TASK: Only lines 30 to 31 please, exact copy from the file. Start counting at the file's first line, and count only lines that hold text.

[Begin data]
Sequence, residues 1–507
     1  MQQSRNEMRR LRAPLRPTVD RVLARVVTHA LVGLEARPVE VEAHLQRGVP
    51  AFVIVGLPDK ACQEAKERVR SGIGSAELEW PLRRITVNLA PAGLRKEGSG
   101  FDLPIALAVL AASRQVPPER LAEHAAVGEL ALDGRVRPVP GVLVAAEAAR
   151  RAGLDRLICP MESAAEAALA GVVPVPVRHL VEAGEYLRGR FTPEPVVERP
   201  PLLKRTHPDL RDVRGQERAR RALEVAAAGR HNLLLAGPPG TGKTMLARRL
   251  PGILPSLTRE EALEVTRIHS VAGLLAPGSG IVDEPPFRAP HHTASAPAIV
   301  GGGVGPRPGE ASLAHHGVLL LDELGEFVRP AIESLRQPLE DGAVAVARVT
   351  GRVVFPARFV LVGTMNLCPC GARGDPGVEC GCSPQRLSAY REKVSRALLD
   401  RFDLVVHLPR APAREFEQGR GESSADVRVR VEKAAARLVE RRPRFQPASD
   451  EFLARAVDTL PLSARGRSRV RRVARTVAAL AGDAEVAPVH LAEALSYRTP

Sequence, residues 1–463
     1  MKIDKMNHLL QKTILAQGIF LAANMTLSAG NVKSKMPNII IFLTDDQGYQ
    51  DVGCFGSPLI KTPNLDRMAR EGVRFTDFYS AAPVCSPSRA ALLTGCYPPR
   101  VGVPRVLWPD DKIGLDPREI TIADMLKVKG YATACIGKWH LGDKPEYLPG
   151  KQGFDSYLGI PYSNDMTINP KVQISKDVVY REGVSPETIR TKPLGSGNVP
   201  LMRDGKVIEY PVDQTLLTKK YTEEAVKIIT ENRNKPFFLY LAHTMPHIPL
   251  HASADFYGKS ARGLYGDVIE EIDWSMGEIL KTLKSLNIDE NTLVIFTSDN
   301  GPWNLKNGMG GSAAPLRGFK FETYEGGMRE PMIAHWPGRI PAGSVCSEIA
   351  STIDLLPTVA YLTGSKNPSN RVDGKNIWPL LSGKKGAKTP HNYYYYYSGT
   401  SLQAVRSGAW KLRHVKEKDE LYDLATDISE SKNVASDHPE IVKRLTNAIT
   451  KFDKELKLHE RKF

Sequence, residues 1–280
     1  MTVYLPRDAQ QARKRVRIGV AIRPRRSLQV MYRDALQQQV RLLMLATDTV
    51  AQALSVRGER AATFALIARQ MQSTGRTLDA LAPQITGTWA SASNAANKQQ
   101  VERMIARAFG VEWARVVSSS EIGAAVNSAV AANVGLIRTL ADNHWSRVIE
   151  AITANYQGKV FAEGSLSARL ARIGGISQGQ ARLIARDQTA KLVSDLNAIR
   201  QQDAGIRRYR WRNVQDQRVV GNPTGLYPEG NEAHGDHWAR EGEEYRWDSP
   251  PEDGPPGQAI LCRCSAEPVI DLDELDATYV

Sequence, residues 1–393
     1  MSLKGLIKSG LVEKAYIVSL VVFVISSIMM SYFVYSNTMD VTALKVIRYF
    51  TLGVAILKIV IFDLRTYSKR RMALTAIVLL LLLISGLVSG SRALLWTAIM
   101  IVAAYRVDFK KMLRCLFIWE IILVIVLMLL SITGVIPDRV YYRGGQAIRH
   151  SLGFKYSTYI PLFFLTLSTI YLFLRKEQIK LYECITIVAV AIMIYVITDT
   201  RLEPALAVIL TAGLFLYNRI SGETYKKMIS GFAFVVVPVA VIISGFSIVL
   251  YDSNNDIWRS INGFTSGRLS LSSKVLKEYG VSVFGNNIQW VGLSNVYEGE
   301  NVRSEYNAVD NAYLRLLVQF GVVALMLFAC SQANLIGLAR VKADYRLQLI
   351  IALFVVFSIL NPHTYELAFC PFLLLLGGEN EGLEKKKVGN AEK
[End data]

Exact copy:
Sequence, residues 1–393
     1  MSLKGLIKSG LVEKAYIVSL VVFVISSIMM SYFVYSNTMD VTALKVIRYF